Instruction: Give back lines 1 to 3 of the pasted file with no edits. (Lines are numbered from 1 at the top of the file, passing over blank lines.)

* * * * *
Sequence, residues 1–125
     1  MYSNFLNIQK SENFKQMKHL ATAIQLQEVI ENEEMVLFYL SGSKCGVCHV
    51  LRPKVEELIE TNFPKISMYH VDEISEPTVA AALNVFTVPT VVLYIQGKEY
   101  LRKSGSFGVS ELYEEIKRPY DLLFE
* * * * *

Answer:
Sequence, residues 1–125
     1  MYSNFLNIQK SENFKQMKHL ATAIQLQEVI ENEEMVLFYL SGSKCGVCHV
    51  LRPKVEELIE TNFPKISMYH VDEISEPTVA AALNVFTVPT VVLYIQGKEY